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Suppose we are given an integral operator $ g(x)=f(x)+ \lambda \int_{0}^{\infty}K(x,t)f(t)dt $

with the kernel $ K(x,t)=K(t,x)$. According Hilbert-Schmidt theory then, the function can be obtained as

$ f(x)= \sum_{n=0}^{\infty}\frac{c_{n}}{\lambda _{n} -\lambda}\phi_{n} (x)$

with $ \phi_{n} (x) $ being the eigenfucnctions of the integral kernel $ K(x,t) = K(t,x) $. How can I get these eigenfunctions? Thanks.

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It depends on what $K$ is! The eigenvalue equation is an equation and you have to solve it. – Qiaochu Yuan May 30 '12 at 18:43
ok but how about the eigenfunctions ?? – Jose Garcia May 30 '12 at 18:48
You simply have to find those too. I don't really understand what you're asking. Of course in the finite-dimensional case you can compute a determinant to find the eigenvalues and then row reduce to find their eigenvectors but in the infinite-dimensional case you really just have to solve the equation! Is there a particular $K$ you're struggling with? – Qiaochu Yuan May 30 '12 at 18:51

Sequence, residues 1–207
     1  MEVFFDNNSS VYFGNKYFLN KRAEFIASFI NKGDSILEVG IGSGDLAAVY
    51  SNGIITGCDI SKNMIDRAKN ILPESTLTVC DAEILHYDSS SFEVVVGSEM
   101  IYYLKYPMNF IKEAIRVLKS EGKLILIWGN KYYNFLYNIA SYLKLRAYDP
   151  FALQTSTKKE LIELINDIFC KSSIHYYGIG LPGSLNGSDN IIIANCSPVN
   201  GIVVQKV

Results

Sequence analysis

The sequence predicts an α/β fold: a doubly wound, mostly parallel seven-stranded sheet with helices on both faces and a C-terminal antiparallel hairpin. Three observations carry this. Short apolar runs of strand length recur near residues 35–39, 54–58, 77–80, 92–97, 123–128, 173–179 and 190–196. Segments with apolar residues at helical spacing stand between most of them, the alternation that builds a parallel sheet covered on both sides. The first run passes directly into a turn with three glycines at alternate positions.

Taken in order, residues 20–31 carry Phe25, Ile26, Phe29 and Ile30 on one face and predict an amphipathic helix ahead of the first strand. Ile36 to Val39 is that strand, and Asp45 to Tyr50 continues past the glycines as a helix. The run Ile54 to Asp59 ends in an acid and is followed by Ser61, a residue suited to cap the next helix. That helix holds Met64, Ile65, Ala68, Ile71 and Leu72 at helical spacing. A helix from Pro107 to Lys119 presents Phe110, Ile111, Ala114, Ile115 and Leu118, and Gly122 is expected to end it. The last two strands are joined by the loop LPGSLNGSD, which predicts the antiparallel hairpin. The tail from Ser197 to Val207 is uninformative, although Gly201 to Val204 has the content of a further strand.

isn't there a general method to get eigenfunctions ??, i have searched many books of integral equation and found little info about it – Jose Garcia May 30 '12 at 20:05
Again, it depends on what $K$ is. I don't think there's anything reasonable that can be said about the general problem. For an arbitrary $K$ the eigenfunctions should not be expressible in terms of elementary functions, so what does it even mean to know what they are? – Qiaochu Yuan May 30 '12 at 20:06

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